For an African nation with a notorious history of discrimination, I have to say that folks here are pretty open-minded.
And I’m talking about gay rights and acceptance. Not only is South Africa the first country in Africa to legalize gay marriage, but they’re also the first country in the world to have language written into a constitution outlawing any sort of discrimination based on someone’s sexual orientation.
My first few nights in Johannesburg were spent hanging out with a few new friends in a couple of bars. Not to sound like a prude, but I was surprised to see happy gay couples holding hands and showing affection in public. Not that there is anything wrong with that. Love is a beautiful thing regardless of the orientation. However, I wasn’t expecting this in a country where straight men and women still follow closely to gender roles and traditions. Likewise, being from a country where we are still struggling with our own tolerance, and where the LGBTQ community has to beg for legislation to be treated and respected as full citizens, I have to say that I was most impressed at how much more progressive South Africa is in this regard.
At the bars, I met lots of men. (I’m not humble bragging, just stating facts.) Attention on me abound, I danced and kept the company of several men all night. And when one would go to the bar to buy me a drink, I was besieged by another dude asking if he could buy me one too. I went home that night with a handful of phone numbers and Facebook requests, including one from a fine brown-skinned dude with a head full of beautiful dreads and a thick beard. I was definitely smelling myself.
“You know that one guy you were talking to with the dreadlocks is bisexual, right?” said my one friend as we rode back to the hotel in a taxi.
Uh no, I did not. Why would I know that?
“Yeah there are many bisexual men in Joburg,” he said. My friend would know since he is bisexual too. This same friend once told me that while he likes having sex with men, he ultimately wants to fall in love with a woman.
“But it’s no big deal, right? He seems to like you. You should give him a chance. At least one date. I mean, what’s the worst that could happen? Other than you actually liking him,” he said.
And that might be the problem. Listen, I like to think of myself as progressive and accepting of all, but I must admit that I have my reservations. I have never dated a bisexual man before – at least not openly. However, I have always wondered about a couple of former flames who at times had me feeling like they might prefer a stroll on the queer side of these dating streets. And according to most research, including this report by the Williams Institute, nine million people in the U.S., which is approximately the total population of New Jersey, openly identify as LGBTQ. Likewise, among adults who identify as lesbian, gay, or bisexual, bisexuals comprise a slight majority. And since I live across the bridge from Jersey, there is a real possibility that I may have unknowingly dated at least one bisexual man before.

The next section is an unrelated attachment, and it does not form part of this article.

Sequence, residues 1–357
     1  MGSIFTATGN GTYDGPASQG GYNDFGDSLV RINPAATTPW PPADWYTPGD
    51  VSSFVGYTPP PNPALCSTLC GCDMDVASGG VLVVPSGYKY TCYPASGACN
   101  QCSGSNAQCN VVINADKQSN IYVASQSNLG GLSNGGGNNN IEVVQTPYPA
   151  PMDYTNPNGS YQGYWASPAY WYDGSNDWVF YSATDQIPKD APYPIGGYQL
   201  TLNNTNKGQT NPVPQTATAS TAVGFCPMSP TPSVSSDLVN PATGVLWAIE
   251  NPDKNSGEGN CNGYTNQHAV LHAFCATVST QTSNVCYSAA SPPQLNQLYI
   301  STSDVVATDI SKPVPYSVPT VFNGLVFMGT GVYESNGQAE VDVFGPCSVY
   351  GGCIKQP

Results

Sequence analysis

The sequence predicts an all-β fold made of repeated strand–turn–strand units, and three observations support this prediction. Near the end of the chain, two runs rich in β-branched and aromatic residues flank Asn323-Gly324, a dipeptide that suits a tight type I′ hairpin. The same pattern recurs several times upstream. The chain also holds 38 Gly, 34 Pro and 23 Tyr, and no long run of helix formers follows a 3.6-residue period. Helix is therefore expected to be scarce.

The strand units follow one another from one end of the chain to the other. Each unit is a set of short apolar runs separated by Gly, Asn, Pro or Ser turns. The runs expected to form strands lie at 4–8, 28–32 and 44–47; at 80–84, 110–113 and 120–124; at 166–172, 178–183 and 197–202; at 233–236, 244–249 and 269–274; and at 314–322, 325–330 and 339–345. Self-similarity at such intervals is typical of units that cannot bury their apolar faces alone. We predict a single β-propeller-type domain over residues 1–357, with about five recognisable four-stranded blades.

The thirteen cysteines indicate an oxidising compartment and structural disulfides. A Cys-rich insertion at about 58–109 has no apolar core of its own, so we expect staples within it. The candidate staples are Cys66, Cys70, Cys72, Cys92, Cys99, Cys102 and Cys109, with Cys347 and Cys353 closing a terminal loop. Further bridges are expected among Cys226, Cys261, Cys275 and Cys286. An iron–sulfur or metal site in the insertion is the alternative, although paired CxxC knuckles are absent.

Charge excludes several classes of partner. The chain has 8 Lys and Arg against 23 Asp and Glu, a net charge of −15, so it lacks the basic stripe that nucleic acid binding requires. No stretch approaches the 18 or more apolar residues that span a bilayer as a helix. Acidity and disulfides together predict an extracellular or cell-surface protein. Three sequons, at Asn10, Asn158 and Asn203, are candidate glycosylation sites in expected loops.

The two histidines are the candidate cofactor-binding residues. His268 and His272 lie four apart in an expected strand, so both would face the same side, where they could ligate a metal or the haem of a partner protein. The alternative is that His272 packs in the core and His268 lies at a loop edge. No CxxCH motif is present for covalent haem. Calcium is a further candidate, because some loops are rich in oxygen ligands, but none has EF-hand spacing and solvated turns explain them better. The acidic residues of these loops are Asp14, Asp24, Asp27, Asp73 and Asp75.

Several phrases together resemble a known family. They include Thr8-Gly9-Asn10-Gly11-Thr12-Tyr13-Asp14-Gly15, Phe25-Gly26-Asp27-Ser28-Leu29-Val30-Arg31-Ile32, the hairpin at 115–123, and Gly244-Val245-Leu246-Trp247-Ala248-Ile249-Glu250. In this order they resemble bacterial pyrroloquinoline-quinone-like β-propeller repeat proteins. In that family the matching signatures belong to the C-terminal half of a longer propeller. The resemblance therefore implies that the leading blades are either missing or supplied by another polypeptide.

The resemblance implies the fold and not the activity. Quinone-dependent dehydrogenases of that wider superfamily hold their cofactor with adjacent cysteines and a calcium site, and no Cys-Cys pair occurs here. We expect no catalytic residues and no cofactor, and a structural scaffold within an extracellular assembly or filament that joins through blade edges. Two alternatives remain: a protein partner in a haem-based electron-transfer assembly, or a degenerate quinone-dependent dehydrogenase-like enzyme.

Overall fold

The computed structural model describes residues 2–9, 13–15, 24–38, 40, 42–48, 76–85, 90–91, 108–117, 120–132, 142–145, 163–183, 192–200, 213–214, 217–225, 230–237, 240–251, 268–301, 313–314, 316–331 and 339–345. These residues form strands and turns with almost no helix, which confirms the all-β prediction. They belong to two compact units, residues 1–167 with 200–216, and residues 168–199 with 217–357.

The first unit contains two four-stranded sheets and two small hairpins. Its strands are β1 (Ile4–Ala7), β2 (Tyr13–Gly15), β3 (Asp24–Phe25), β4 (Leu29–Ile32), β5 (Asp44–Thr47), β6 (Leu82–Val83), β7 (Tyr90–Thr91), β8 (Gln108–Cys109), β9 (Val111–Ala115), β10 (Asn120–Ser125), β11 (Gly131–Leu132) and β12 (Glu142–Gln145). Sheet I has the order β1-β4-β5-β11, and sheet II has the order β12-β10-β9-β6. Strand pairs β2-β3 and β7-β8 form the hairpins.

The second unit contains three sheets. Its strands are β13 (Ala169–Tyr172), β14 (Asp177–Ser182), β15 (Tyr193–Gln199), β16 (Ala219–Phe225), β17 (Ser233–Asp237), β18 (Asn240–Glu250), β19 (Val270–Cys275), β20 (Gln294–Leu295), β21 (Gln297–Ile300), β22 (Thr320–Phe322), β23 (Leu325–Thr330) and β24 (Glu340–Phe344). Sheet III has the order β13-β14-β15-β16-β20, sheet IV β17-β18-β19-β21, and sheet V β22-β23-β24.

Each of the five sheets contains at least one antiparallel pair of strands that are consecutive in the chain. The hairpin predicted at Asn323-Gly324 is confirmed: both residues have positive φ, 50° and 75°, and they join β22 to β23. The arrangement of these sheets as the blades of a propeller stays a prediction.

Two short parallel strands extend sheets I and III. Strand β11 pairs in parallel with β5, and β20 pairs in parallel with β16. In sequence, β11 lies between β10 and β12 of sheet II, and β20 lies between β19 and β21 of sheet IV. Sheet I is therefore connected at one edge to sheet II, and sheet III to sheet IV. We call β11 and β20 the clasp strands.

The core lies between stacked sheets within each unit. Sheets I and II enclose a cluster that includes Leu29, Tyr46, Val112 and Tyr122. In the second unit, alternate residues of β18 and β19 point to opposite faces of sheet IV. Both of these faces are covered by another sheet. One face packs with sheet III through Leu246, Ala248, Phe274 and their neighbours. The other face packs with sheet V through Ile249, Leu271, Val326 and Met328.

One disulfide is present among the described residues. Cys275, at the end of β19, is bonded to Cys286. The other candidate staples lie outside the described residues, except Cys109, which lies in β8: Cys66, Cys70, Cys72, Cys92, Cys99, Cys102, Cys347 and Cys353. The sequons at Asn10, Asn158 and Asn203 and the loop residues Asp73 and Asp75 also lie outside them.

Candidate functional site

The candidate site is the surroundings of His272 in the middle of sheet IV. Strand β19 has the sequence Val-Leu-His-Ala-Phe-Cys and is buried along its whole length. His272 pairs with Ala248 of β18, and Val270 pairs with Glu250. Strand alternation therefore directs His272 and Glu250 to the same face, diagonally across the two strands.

Still, there is that stigma. For one, the stigma that bisexuals are indecisive and never satisfied. And while he may like me today, he could end up liking another guy tomorrow. While some people are secure enough in themselves to handle a polyamorous relationship, I always felt that three, or four, or however many folks, is a crowd. And then there is my concern about catching something…
I know it’s irrational and slightly offensive. After all, sexually transmitted diseases know no sexual orientation. Not to mention, women make up the majority of those infected with HIV. I’m willing to bet that has less to do with men having a preference for the same sex and more with folks screwing around without protection. It was certainly the case in my early 20s when I found myself sitting in the clinic clapping – and I’m not talking about a round of applause.
In all honesty, I had no good reason to reject the guy other than a ridiculous fear. Plus, he was charming, funny, and pretty sexy. As my friend said, “What’s the worst that could happen?” It’s only one date. Right?
The ironic thing is that if the roles were reversed, there would be no hesitation, mainly because society has a weird fascination with lesbian sex – or should I say, lesbian porn sex. Not only do we openly accept women’s sexuality as fluid, but in some ways, we encourage it. Much of that, I suspect, has to do with the male gaze, which assumes that sex between two women is some sort of sexy menage à trois waiting to happen.
However, bisexuality among men is not given the same fanciful treatment. Quite the opposite actually. Men who prefer intimacy with partners of both genders are only and always seen as gay men, and that is not the case. They are bisexual. Yet this stigma is likely why more men don’t actively talk about their dual interests, even as many of them are out there.
While there are no definite numbers, famed sex and human behaviorist Alfred Kinsey once claimed that “46 percent of the male population had engaged in both heterosexual and homosexual activities, or ‘reacted to’ persons of both sexes, in the course of their adult lives.” And according to this Vice article from last year entitled, “Where Are All the Bi Men and Why Are They Hiding?” “there are probably more bi people hiding who they are than gay people.”
You can take that theory however you want. But even if it is half of that number, the reality is that bisexual men are among us, and some of them may be decent, loving dudes. Perhaps it’s time for all of this to come out of the closet and for us accept the fact that just like women, men can date across genders, too. And they do date across genders. And there is nothing wrong with that.
In case you’re wondering, I did agree to a date. However, he stood me up. It seems that regardless of the orientation, men will be men.